Every now and then, it is important to offer GetReligion readers who are not journalists a glimpse inside the workings of daily journalism.
For example, readers may have noticed that your GetReligionistas — as folks who are working or have worked in the mainstream — rarely attempt to call names when we point out errors or what we believe are weaknesses in stories.
Why not blame the reporter or reporters whose names are in the byline? Well, anyone who has ever worked in a newsroom knows that the story that appears in print is often not the story that the reporter turned in or that, at the very least, the story was cut drastically or the reporter was not given enough space to do a solid job covering the territory that the story would have needed to cover in order to be balanced and complete. Journalism is almost always a team sport.
Anyway, I bring this up because some readers have sent in the URL of a recent Washington Times report about the election of Metropolitan Jonah, the new leader of the Orthodox Church in America. Some people thought that the headline was a bit much.
Since the new metropolitan will soon be enthroned in the OCA cathedral here in Washington, D.C., this is kind of a local story. I still wonder if journalists in Dallas and Fort Worth realize that this is a major local story there, too, but nevermind. That headline said:
Orthodox leader seizes own ‘Obama moment’
Now, it really helps to know that reporters hardly ever, ever write their own headlines. You can see how some readers may have thought that comparing the leader of a highly traditional ancient faith with a liberal Democrat headed into the White House was, well, a bit too cute.
However, if you read the story you’ll note that the Obama image was being applied to the election itself, not to the man. Tricky. Here’s the lede:
They already are calling him “His Beatitude,” and comparing him to Barack Obama.
In less than a month, Metropolitan Jonah, 49, will be enthroned as the leader of the Orthodox Church in America (OCA), the nation’s second-largest branch of Eastern Orthodoxy.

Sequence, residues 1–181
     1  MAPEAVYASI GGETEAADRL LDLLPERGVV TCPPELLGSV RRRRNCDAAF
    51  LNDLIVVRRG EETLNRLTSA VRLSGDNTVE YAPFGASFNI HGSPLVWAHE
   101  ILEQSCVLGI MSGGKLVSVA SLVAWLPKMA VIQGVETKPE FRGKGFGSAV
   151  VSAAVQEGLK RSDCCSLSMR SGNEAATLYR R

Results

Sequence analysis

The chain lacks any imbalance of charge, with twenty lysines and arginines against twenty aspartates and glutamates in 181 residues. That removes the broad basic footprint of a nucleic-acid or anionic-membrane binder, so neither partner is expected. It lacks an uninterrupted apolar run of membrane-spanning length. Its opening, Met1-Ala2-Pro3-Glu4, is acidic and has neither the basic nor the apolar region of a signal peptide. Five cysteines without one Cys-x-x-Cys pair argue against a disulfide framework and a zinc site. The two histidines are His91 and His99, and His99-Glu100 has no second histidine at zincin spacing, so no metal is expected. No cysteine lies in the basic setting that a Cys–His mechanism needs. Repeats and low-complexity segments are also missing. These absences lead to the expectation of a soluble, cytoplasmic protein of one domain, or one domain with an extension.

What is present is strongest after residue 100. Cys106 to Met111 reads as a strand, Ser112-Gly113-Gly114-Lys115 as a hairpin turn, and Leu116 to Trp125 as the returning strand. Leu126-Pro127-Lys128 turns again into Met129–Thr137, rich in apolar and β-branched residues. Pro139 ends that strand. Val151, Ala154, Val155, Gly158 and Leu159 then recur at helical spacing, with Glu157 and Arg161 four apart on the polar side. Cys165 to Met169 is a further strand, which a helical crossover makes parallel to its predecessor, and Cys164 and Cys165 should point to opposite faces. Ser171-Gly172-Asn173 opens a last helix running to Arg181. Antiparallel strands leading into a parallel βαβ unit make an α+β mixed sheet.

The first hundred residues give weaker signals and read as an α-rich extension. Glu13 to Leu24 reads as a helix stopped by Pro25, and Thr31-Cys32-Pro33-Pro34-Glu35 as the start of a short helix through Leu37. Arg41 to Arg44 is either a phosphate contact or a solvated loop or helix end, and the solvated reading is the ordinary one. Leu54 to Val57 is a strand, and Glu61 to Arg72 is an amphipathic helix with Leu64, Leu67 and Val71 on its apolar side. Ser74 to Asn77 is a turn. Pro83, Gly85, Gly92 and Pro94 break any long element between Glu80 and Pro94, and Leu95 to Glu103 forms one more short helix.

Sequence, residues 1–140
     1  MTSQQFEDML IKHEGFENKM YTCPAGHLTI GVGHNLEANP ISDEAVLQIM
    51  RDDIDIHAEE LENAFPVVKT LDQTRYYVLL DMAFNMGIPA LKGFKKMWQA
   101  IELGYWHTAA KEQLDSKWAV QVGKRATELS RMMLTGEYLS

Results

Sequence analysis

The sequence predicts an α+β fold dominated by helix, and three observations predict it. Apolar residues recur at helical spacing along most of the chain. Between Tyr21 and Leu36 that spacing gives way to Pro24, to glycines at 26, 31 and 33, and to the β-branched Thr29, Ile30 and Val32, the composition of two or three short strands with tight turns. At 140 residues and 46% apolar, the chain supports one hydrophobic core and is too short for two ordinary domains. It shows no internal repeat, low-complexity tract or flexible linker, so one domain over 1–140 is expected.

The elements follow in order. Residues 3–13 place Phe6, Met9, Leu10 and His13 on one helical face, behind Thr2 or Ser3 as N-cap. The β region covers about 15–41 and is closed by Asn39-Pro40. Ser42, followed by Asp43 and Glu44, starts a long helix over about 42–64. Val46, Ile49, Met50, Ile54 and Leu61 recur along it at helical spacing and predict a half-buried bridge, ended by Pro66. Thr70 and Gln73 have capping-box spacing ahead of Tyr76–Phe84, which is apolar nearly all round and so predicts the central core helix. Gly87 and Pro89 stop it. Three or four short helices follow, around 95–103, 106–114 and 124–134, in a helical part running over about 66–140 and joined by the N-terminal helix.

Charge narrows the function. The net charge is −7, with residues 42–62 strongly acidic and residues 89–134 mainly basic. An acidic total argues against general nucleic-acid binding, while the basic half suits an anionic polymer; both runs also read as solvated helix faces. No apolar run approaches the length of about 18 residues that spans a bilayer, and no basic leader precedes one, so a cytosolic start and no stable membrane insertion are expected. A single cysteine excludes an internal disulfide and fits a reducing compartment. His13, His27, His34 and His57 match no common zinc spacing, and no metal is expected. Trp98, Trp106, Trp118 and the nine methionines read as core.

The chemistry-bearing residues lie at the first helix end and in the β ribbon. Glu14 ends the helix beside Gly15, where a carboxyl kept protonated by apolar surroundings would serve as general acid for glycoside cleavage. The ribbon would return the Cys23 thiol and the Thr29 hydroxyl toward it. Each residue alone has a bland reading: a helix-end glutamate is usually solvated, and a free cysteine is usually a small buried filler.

Some have termed Metropolitan Jonah’s election an “Obama moment” because of perceived parallels between him and the U.S. president-elect: a much younger man with little experience shaking up a corrupt status quo by coming from outside the establishment via an electrifying speech.
Maybe the headline writers thought they needed an election metaphor on A1 in story here inside the DC Beltway? After all, the body of Julia Duin’s story is dedicated to new material, drawn from an interview with the new metropolitan.
In particular, Orthodox readers will be interested in the material near the end of the report which focuses on why this monk made the decision to convert to Eastern Orthodoxy — he was raised as an Episcopalian — in the first place.
He was persuaded to join Orthodoxy through the reading of one book: “The Mystical Theology of the Eastern Church” by Vladimir Lossky.
After attending St. Vladimir’s Orthodox Theological Seminary on Long Island, he traveled to Russia in 1993 at the age of 33 for a year to think through his future and decide whether to marry his girlfriend. If an Orthodox candidate for the priesthood wishes to marry, he must do so before ordination. Orthodox monks cannot marry at all. …
“I wanted some resolution to my dilemma, but I didn’t want to go according to my own will,” the new metropolitan remembers. “The whole spiritual life is built on obedience, respect and trust in love to your spiritual elder.”
After several months at the Valaam Monastery, on a lake island north of St. Petersburg, he was introduced to a venerable Orthodox elder known as Kyrill.
“So I asked the old man what should I do,” Metropolitan Jonah said. “Should I get married or should I become a monk? He said, ‘I know, I know.’ He blessed me and said, ‘Become a priest-monk.’”
A rather radical form of career counseling, but there you have it. Interesting reading, if you wanted a glimpse into the process that leads a young American into a monastery and then on into a leadership role that seemed to come out of nowhere.
PHOTO: OCA photo from the new metropolitan’s first Divine Liturgy after his election.